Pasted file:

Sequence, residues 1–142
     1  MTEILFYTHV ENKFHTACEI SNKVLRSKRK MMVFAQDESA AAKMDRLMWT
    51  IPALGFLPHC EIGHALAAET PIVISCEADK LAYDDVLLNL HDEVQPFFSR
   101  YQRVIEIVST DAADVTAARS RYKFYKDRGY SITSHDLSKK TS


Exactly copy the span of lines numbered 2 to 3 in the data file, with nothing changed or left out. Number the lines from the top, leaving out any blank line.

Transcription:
     1  MTEILFYTHV ENKFHTACEI SNKVLRSKRK MMVFAQDESA AAKMDRLMWT
    51  IPALGFLPHC EIGHALAAET PIVISCEADK LAYDDVLLNL HDEVQPFFSR